This is why I hold true to the notion that Mayweather has no moral obligation to fill to anyone by going up in weight. For them, they faced a man who was roughly 15lbs heavier and it was considered miraculous. For Mayweather, this happens every single fight. So by going up to middleweight and facing a fighter who weighs in at 160lbs, it would potentially result in facing a fighter who re-hydrates to as much as 178-180 or so on fight night. There’s a reason behind the fact that once you get higher in weight divisions, there’s more pounds between the classes. The Fly’s, Bantam’s, Feathers, etc., are separated by roughly 3 to 4lbs. When you cross that Welterweight limit, the separation goes from 6lbs, to 8lbs, to 25lbs (LHW – Cruiserweight), and beyond!
It was designed that way because the heavier these men get, the more impact they’re able to sustain, and the more impact their able to inflict. This is why I hold my position about him being potentially the greatest of all time. Some had better offense, defense, power, etc But overall depth-and-balance of ALL those attributes? If both men entered the ring at 147lbs, I’d like his chances any day. When we look at some of the men who defeated the great “Sugar” Ray Robinson, how many had the skills of Mayweather? That says he was hit by men who – all things being equal – would rarely land on Mayweather.
Beyond that, when we compare legacies between Floyd and the “Four Kings”, aside from facing one another, can anyone name 10 top-tier contenders they faced that showcased the “higher level of opposition” many say Floyd hasn’t faced (without taking a look at Boxrec)? Floyd has defeated a host of world Champions, and a ton of future and current Hall of Famer’s to include Mosley, Hatton, Cotto, Oscar, Judah, Marquez, Gatti, and one day I assume Canelo, as well. Contrast that list with Duran, Hagler, Leonard, Hearns, and even Robinson (who finished with 200 career fights). I have the utmost respect for those men as legends, but I’m not one to discount this era because the previous one was more celebrated. “Hard to hit” is hard to hit in ANY era. Ring intellect and pure skills equal success any day, last I checked!
Brian G. (Aventura, FL): I’ve heard a lot of names tossed out as possible future opponents for Floyd Mayweather. When you look at who’s out there from 160lbs down through 140, who do you think will emerge by next Cinco de Mayo?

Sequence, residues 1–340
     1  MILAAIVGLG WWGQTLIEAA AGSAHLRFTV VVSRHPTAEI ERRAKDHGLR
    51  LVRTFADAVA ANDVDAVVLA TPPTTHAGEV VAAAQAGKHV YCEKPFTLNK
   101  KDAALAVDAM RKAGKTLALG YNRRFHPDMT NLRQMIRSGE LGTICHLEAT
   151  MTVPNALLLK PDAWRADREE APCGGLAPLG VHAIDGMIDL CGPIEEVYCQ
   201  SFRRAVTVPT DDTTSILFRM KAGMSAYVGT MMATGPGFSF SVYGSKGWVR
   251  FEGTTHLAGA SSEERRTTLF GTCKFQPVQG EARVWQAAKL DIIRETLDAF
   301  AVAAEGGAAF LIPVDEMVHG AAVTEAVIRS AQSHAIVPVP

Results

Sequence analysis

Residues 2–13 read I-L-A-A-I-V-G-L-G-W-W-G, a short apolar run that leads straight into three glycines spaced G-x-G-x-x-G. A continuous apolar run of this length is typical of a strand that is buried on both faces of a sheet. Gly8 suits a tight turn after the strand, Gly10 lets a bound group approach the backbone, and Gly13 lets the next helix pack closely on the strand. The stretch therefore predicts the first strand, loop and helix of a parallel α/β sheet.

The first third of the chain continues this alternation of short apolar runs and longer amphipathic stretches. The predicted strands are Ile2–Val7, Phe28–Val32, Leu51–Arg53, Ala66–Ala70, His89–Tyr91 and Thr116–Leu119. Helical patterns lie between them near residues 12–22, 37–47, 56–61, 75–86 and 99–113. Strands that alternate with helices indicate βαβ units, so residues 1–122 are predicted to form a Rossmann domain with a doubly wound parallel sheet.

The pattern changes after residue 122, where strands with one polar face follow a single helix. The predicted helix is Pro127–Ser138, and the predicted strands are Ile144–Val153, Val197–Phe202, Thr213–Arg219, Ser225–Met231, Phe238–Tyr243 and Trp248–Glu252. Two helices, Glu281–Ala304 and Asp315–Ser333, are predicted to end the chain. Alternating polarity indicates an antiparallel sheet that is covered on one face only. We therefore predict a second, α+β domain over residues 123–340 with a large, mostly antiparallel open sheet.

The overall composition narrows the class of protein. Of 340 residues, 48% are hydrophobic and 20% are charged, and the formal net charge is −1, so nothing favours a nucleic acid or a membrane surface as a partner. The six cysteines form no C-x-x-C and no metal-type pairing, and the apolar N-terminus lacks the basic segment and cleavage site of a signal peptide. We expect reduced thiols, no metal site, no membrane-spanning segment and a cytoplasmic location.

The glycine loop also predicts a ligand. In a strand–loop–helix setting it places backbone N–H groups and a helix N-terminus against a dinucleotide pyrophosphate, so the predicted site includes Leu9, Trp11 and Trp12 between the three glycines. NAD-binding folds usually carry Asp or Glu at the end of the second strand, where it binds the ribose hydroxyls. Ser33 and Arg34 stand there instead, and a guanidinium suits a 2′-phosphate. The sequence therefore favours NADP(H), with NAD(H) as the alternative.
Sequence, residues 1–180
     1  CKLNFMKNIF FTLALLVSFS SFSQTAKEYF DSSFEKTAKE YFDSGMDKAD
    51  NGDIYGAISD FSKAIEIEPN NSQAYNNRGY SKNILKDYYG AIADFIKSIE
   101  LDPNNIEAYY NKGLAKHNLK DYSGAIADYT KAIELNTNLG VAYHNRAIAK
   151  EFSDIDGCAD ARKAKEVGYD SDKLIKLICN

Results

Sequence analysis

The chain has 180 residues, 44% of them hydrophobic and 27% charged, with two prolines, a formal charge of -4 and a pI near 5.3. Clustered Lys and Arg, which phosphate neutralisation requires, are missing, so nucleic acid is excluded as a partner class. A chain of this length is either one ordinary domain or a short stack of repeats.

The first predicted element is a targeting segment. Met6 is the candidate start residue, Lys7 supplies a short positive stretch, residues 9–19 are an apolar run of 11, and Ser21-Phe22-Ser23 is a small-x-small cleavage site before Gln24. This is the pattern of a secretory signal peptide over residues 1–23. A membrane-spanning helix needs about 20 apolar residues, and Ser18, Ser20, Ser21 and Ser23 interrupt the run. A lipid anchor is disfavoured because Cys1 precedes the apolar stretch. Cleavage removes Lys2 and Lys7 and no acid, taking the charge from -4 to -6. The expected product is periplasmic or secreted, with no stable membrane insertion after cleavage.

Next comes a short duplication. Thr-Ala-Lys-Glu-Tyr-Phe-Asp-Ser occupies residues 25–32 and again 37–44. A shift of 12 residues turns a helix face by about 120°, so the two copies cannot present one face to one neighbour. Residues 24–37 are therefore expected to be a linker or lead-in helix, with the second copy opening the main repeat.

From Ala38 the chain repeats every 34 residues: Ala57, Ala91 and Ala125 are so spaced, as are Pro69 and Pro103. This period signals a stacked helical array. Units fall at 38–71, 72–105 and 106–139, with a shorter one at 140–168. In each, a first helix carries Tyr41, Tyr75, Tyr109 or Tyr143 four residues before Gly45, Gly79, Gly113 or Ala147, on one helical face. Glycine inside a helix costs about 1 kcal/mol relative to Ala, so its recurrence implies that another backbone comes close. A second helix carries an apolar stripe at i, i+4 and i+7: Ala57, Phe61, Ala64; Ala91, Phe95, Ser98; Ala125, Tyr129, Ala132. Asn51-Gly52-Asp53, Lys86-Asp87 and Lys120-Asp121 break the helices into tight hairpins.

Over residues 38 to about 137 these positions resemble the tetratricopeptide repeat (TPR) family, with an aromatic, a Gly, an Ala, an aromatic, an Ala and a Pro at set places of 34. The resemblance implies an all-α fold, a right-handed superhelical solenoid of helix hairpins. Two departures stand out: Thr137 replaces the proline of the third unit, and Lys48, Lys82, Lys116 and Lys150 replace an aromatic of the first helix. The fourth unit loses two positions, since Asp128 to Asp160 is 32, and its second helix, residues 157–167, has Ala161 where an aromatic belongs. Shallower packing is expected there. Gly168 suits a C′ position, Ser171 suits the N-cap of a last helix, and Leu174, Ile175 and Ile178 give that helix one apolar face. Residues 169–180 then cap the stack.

Vivek W. (ESB): There’s a ton of options at this point. The reality is that every last one will be a considerable step down from the one he just faced, if he stays below 160lbs. Going up to the middleweight limit could be pretty interesting, but I don’t expect to see that, and neither do I think it’s necessary. Of the list of names circulating, Khan, Garcia, and potentially the Marquez/Bradley winner seems more prominent. But I’d be quick to caution that this list means nothing, simply for the fact that we just don’t know what to expect from Mayweather.
One possibility to consider that would certainly be a hit with the fans (contingent upon a solid performance from Amir Khan against Devon Alexander) would be a split feed card from two separate venues, pairing Canelo vs Cotto on the Cinco de Mayo under card of Mayweather vs Khan from Wembley Stadium across the pond. If all parties involved win their next fights, I don’t see why this couldn’t happen. Unless of course Martinez gives deep consideration to a Cotto bout – which has been discussed on a smaller scale. It’s really tough to say how that will all unfold, but relative to Mayweather, I think the options are pretty slim.
What I find comical is that many are saying he should face Broner, yet the same people who want that fight shoot down the Garcia option, claiming that Broner isn’t a good fighter, but Garcia is. Doesn’t really make a lot of sense, but at the end of the day, whatever option he pursues will definitely be one to make a lot of dollars! That’s about the only guarantee we have right now. Stay tuned.
(Vivek “Vito” Wallace can be heard every Tuesday night on “Left-Hook Lounge Radio” at 9ET/6PT. He can also be reached at Twitter (@vivekwallace747), Instagram (ViveksView), & Facebook).